Top Stories
  1. Roger Kahn dead: Writer of 'Boys of Summer' was considered to be best baseball writer in the country - Los Angeles Times
  2. Gaithersburg Lab Looks to Release First Coronavirus Vaccine - Montgomery Community Media
  3. Stunning 'Wheel of Fortune' answer - CityNews Toronto
  4. Four-Cylinder Toyota Supra For The U.S. Likely To Be Announced Next Week - Motor1
  5. Triple humpback whale breach gives Hawaii man unexpected birthday present | Watch News Videos Online -
  6. Virginia Tech the first to reach out to graduate transfer Reed - 247Sports
  7. What The Sprint-T-Mobile Merger Means for You - The New York Times
  8. How Not to Get Sick While Traveling - The New York Times
  9. Norovirus outbreak in Louisiana casino leaves 200 ill - Washington Examiner
  10. Coronavirus: Number of European cases kept low because of China's 'sacrifice', minister says - Sky News
  11. Geothermal energy: Drilling a 3,000-meter-deep well -
  12. Comet chameleon? Here’s why this nearby comet keeps changing colors - Salon
  13. ‘Flammable ice’ discovery could offer new clue to potential alien life, study claims - Fox News
  14. The U.S. Government Is Quarantining More Than 800 Americans. Here's Why That Very Rarely Happens - Yahoo News
  15. Sears in Haywood Mall closing in April, report says - WYFF4 Greenville
  16. Quarantine begins for almost 100 people at Lackland AFB amidst coronavirus outbreak - WOAI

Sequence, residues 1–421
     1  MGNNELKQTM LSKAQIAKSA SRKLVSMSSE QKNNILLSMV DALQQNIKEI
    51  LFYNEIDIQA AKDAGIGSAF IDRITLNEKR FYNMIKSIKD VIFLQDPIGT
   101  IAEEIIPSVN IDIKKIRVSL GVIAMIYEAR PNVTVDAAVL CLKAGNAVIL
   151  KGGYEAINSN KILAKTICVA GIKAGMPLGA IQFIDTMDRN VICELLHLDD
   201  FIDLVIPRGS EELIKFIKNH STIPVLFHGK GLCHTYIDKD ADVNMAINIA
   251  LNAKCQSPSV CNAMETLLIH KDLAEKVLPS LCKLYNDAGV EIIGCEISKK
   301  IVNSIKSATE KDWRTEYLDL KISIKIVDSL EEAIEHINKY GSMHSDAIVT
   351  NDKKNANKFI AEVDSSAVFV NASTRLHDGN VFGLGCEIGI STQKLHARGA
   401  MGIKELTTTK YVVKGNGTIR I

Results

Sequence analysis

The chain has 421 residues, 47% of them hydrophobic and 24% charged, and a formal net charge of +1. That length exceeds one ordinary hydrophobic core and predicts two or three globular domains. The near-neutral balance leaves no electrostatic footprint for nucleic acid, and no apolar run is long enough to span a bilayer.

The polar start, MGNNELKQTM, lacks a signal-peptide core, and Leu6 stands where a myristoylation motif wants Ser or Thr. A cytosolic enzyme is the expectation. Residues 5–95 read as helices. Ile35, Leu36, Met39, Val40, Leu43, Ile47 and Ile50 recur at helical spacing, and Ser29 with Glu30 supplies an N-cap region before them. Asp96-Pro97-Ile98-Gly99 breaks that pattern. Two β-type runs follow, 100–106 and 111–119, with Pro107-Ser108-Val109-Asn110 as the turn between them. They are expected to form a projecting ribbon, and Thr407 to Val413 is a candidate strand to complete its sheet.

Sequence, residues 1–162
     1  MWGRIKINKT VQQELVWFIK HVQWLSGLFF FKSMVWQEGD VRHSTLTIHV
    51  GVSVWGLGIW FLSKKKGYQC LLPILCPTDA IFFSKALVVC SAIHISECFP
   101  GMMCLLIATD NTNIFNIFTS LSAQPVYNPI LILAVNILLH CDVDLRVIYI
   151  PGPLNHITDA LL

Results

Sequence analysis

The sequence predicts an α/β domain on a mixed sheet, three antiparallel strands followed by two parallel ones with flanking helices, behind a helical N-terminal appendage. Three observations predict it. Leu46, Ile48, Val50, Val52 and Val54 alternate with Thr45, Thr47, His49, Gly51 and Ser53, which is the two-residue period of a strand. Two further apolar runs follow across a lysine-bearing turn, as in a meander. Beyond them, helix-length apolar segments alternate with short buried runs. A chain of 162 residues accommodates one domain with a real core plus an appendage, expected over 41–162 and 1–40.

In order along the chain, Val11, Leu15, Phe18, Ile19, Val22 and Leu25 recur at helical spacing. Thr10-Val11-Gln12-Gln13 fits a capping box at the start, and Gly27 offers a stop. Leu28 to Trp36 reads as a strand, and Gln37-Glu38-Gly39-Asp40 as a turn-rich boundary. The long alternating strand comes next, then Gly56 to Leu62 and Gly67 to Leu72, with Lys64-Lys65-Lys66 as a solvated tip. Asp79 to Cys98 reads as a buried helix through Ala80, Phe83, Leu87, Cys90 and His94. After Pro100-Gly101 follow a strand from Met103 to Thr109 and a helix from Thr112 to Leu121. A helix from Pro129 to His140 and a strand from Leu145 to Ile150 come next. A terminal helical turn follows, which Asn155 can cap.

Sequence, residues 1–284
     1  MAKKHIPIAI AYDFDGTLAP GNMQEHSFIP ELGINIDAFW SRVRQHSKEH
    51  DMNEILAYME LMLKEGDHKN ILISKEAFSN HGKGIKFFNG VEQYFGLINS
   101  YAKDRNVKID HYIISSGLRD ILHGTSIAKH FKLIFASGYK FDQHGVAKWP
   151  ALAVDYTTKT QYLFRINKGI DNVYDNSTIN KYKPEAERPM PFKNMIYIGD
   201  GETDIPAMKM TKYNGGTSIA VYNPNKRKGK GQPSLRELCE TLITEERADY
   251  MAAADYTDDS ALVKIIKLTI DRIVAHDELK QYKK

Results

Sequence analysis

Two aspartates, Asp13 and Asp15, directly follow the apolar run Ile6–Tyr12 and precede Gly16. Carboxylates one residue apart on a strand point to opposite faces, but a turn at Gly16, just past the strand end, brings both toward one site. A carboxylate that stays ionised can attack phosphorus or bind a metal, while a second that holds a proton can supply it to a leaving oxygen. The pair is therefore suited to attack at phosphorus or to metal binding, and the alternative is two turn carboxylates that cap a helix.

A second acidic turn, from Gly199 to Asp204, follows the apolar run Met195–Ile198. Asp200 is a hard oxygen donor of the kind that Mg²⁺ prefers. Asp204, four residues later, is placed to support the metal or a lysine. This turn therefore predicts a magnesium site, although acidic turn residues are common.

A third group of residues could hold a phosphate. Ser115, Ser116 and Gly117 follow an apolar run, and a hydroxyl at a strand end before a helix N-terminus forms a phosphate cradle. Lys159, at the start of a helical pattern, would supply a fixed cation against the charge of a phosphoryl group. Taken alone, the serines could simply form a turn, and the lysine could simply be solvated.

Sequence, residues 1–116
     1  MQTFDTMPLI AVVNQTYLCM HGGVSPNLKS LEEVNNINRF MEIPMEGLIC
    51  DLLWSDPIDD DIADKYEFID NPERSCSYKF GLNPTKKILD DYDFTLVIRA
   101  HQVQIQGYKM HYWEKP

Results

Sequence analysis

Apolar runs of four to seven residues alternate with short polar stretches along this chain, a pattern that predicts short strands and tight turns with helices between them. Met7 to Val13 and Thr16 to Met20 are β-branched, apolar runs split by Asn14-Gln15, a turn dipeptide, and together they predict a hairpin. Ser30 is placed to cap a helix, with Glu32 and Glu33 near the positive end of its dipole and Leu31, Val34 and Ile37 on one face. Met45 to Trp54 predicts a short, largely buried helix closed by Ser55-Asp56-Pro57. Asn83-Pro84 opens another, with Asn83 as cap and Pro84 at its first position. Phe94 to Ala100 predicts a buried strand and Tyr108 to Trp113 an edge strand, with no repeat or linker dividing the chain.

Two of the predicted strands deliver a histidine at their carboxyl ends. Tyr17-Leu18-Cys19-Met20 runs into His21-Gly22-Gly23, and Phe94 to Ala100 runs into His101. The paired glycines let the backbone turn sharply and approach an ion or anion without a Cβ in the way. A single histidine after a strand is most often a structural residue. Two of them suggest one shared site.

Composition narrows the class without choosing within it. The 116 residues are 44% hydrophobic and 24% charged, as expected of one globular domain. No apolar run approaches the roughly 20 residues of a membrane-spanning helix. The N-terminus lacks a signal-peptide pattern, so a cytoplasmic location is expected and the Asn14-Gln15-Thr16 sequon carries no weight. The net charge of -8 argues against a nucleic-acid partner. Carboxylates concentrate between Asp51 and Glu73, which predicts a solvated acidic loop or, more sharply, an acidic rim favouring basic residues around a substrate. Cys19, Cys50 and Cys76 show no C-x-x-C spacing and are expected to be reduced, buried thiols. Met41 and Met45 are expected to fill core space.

17. Samsung Galaxy Z Flip hands-on clearly shows the tall foldable phone - Engadget
  18. 10 deals you don’t want to miss on Saturday: $37 noise cancelling headphones, $6 smart plugs, GoPro HERO8, Roomba i7+, more - BGR
  19. Why Princess Diana Cried Her Eyes Out on Her Honeymoon With Prince Charles - Showbiz Cheat Sheet
  20. From Big Bang to cosmic bounce: an astronomical journey through space and time -
  21. Coronavirus Live Updates: An American Dies of the Virus in Wuhan, China - The New York Times
  22. The Pangolin Is Now a Potential Suspect in Spreading The Wuhan Coronavirus to Humans - ScienceAlert
  23. 5 things gamers want from the PlayStation 5 - CNN
  24. Yes, A New Call Of Duty Game Is Coming Out This Year - GameSpot
  25. VIDEOS: Flooded areas in East Tennessee – February 2020 - WATE 6 On Your Side
  26. Jessica Simpson clarifies whether Nick, Vanessa Lachey sent her a gift - Fox News

Astronomers worry satellites from Elon Musk's SpaceX and Amazon will ruin view of the night sky - CNBC

Tech giants like Elon Musk's SpaceX and Jeff Bezos' Amazon have plans to launch constellations of thousands of satellites aimed at providing global internet access. But astronomers are worried that adding the masses of satellites to Earth's orbit could screw up our view of the night sky, as well as disrupt scientific research.

The Astronomical Union International — the world's largest organization of professional astronomers with over 13,000 membersissued a statement last week to complain about SpaceX's launch of its first batch of satellites at the end of May. While that launch only sent about 60 satellites into orbit, SpaceX eventually plans a network of satellites, called Starlink, that would consist of nearly 12,000 satellites flying in low Earth orbit (within 1,200 miles of the planet's surface). Roughly half of those satellites are reportedly expected to launch within the next six years.

And SpaceX isn't the only company launching satellite networks, as Amazon has a similar plan in the works, called Project Kuiper, that would put over 3,200 satellites in low Earth orbit over several years in order to provide broadband internet access around the world.